POLICE: Crowd Dispersed After Property is Vandalized, Officer Assaulted During Covina Protest Sunday
Written by AARON CASTREJON
COVINA - Three people were arrested after another large crowd of protestors turned up at the reported home a deputy who fatally shot a man in Gardena.
The three were accused of various crimes, ranging from trespassing, to assaulting a peace officer and lynching — the latter is a confusing use of the term, according to Lt. Ryan Davis of the Covina Police Department.
“At some point there was an intoxicated person who came onto the property and pushed an officer,” Davis told SGV CityWatch. “As he was attempting to make an arrest, the crowd basically surrounded the officers and started pulling her away.”
The protestor was pulled away from the officer. Eventually, an unlawful assembly was declared and the crowd was dispersed roughly after 7 p.m. with the help of officers from Azusa, Glendora, West Covina and the San Dimas Sheriff’s Station.
The woman who allegedly assaulted an officer was later seen near the Covina Police Department and arrested, Davis told SGV CityWatch.
One of the people who pulled the protester away from the officer during the arrest was also found and taken into custody, Davis told SGV CityWatch. That person was booked on suspicion of lynching, which the California Penal Code describes as removing someone from police custody by means of a riot, Davis told SGV CityWatch.
Police originally responded to the home, which is located near San Bernardino Road and Hollenback Avenue, to keep protesters off the private property.
The protests began around 4 p.m.
Protesters allegedly placed Post-It notes and larger signs on the deputy’s home and walkway, Davis told SGV CityWatch. Protestors also wrote messages in chalk on a public as well as the private walkway claiming that Los Angeles County Sheriff’s deputy Miguel Vega is a murderer, Davis told SGV CityWatch.
One other person was arrested on suspicion of trespassing and for not providing his name to an officer.
Written by AARON CASTREJON
COVINA - Police arrived en mas Thursday night to a neighborhood to quell a group of protestors who reportedly found the home of the deputy who fatally shot an 18-year-old man in Gardena.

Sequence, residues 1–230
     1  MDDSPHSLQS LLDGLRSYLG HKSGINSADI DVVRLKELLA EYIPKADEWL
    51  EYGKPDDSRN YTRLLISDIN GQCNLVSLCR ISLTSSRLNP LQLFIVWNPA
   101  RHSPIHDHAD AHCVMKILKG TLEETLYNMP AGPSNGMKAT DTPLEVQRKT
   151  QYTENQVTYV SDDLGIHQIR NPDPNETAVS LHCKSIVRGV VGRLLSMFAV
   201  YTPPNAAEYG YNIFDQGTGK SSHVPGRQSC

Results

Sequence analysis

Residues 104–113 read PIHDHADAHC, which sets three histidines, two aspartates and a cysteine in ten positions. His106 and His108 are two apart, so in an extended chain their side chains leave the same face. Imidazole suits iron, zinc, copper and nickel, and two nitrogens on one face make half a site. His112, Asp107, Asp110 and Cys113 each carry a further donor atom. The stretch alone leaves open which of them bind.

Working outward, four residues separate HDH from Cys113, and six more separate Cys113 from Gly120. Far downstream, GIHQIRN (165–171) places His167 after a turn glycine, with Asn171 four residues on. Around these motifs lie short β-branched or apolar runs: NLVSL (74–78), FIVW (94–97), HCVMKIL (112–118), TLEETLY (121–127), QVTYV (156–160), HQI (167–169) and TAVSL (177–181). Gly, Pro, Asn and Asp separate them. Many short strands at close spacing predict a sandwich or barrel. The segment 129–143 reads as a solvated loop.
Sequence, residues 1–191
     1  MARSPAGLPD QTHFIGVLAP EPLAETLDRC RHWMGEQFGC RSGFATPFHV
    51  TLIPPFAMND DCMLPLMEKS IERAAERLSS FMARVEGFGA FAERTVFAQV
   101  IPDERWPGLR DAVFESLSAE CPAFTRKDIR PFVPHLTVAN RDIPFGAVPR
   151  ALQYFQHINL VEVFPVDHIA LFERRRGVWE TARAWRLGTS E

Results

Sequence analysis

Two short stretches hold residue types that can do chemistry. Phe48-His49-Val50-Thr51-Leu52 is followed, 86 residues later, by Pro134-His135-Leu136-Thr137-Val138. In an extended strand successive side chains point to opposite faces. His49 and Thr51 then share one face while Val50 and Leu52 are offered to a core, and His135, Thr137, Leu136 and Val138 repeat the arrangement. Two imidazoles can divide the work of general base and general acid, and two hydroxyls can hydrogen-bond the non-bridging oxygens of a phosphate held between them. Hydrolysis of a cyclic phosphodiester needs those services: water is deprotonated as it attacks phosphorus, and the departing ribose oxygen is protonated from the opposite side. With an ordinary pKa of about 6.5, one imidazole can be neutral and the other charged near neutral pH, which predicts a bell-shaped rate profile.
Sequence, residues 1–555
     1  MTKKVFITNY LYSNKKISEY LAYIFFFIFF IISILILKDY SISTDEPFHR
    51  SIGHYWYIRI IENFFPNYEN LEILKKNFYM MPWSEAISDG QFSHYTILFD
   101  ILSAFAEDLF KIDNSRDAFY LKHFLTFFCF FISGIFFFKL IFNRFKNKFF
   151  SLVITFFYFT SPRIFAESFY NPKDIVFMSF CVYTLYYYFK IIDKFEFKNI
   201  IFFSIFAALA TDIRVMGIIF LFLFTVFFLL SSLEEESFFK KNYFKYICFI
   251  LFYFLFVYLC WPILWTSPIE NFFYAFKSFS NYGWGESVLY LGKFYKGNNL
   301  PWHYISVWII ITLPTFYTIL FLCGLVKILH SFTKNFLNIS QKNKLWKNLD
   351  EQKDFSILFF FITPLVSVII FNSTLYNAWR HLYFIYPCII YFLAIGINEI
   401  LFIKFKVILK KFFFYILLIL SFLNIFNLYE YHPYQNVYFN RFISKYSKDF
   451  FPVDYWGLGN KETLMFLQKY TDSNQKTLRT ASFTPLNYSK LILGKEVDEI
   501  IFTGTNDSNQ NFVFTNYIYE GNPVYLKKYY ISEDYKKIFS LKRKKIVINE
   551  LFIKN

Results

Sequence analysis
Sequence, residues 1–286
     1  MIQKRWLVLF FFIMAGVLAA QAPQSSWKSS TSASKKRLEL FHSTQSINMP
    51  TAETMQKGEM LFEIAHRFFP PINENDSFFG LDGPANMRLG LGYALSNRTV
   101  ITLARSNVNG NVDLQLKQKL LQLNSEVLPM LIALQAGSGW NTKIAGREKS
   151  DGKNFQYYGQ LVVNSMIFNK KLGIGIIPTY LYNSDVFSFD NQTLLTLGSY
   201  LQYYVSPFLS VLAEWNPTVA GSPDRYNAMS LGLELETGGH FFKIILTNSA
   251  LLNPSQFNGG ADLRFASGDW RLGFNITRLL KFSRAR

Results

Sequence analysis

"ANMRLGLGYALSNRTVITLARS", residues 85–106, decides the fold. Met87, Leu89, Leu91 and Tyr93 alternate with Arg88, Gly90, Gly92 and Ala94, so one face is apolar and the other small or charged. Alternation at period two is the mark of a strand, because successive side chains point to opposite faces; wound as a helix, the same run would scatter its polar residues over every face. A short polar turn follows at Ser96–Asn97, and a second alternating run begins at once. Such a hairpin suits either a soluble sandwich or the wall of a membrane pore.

The deputy reportedly lives in the area of Hollenbeck Avenue and San Bernardino Road. Protesters stood in the street, on the sidewalk and walked all over the front yard of a home believed to belong to Miguel Vega July 30.
Police from Covina, Glendora, Azusa and the Los Angeles County Sheriff’s Department arrived to push back protestors who left behind signs at the home. Most, if not all, of the signs were removed by police.
In a video posted to social media, law enforcement could be seen going in and out of the home, talking to whoever was inside.
Deputies descended on Andres Guardado, who was employed as a security guard, at a Gardena business June 18.
Deputies claim they saw a gun on Guadardo’s person. Guardado ran from deputies a brief distance into an alley. He was shot and killed by deputy gunfire.
A gun was reportedly found in Guardado’s possession. Deputies allege he reached for his weapon during the foot pursuit.
Guardado’s death has strained the somewhat current tenuous relationship between law enforcement and the public, amidst calls for defunding law enforcement and amidst destructive protests and rioting.
Compounding the investigation is the allegations that shortly after shooting Guardado, deputies ripped surveillance cameras from a nearby business without a search warrant.
A security hold was placed on the autopsy report for Guardado — a standard procedure in police shooting investigations, but the very public family squabble between embattled Los Angeles County Sheriff Alex Villanueva and County authorities took an unexpected turn.
The Los Angeles County Department of Medical Examiner-Coroner defied the Sheriff’s security request and made public the preliminary results. Guardado was shot five times in the back, according to the coroner report.
An independent autopsy confirmed the county coroner’s findings.
Written by AARON CASTREJON
COVINA - Richard Sheehan, a superintendent beloved by many in the Covina-Valley Unified School District, has agreed to resign effective June 30.
The Covina-Valley Unified school board made the announcement after a closed session meeting Tuesday. Sheehan is mired in a criminal investigation involving three victims.
The Covina Police Department was contacted during an internal investigation conducted by the school district into misconduct with current and former students, according to a written statement by the Covina Police Department.
“We’ve asked the Glendora Police Department to assist us by handling this initial investigation. Our intent is to ensure a thorough and transparent investigation by law enforcement,” Covina Police said in a written statement.
Sheehan will remain on paid administrative leave until his resignation next month.
What Sheehan is accused of doing has run the gamut among the community, in real life and on social media.
Covina Police emphasized that Sheehan's alleged transgressions go beyond social media posts allegedly involving the embattled former superintendent.
In doing light research on social media, a video surfaced showing very brief flashes of a shirtless Sheehan flexing a bicep in a selfie -- his lower half was blocked by a black square insinuating he was nude. That same photo was seen elsewhere on Twitter sans the black square, showing he was actually wearing a pair of black shorts.